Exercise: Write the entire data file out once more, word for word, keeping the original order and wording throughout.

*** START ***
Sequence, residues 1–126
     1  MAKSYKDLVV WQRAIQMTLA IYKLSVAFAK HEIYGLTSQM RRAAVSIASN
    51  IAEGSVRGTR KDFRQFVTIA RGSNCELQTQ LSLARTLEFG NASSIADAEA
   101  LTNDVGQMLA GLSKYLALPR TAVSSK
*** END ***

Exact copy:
Sequence, residues 1–126
     1  MAKSYKDLVV WQRAIQMTLA IYKLSVAFAK HEIYGLTSQM RRAAVSIASN
    51  IAEGSVRGTR KDFRQFVTIA RGSNCELQTQ LSLARTLEFG NASSIADAEA
   101  LTNDVGQMLA GLSKYLALPR TAVSSK